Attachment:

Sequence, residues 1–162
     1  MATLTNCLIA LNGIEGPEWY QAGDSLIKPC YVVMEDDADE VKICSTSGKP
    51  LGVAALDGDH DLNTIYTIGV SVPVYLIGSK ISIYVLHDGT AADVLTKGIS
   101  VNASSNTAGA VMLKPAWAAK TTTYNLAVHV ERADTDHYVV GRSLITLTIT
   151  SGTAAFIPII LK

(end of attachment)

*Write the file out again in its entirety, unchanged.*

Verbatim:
Sequence, residues 1–162
     1  MATLTNCLIA LNGIEGPEWY QAGDSLIKPC YVVMEDDADE VKICSTSGKP
    51  LGVAALDGDH DLNTIYTIGV SVPVYLIGSK ISIYVLHDGT AADVLTKGIS
   101  VNASSNTAGA VMLKPAWAAK TTTYNLAVHV ERADTDHYVV GRSLITLTIT
   151  SGTAAFIPII LK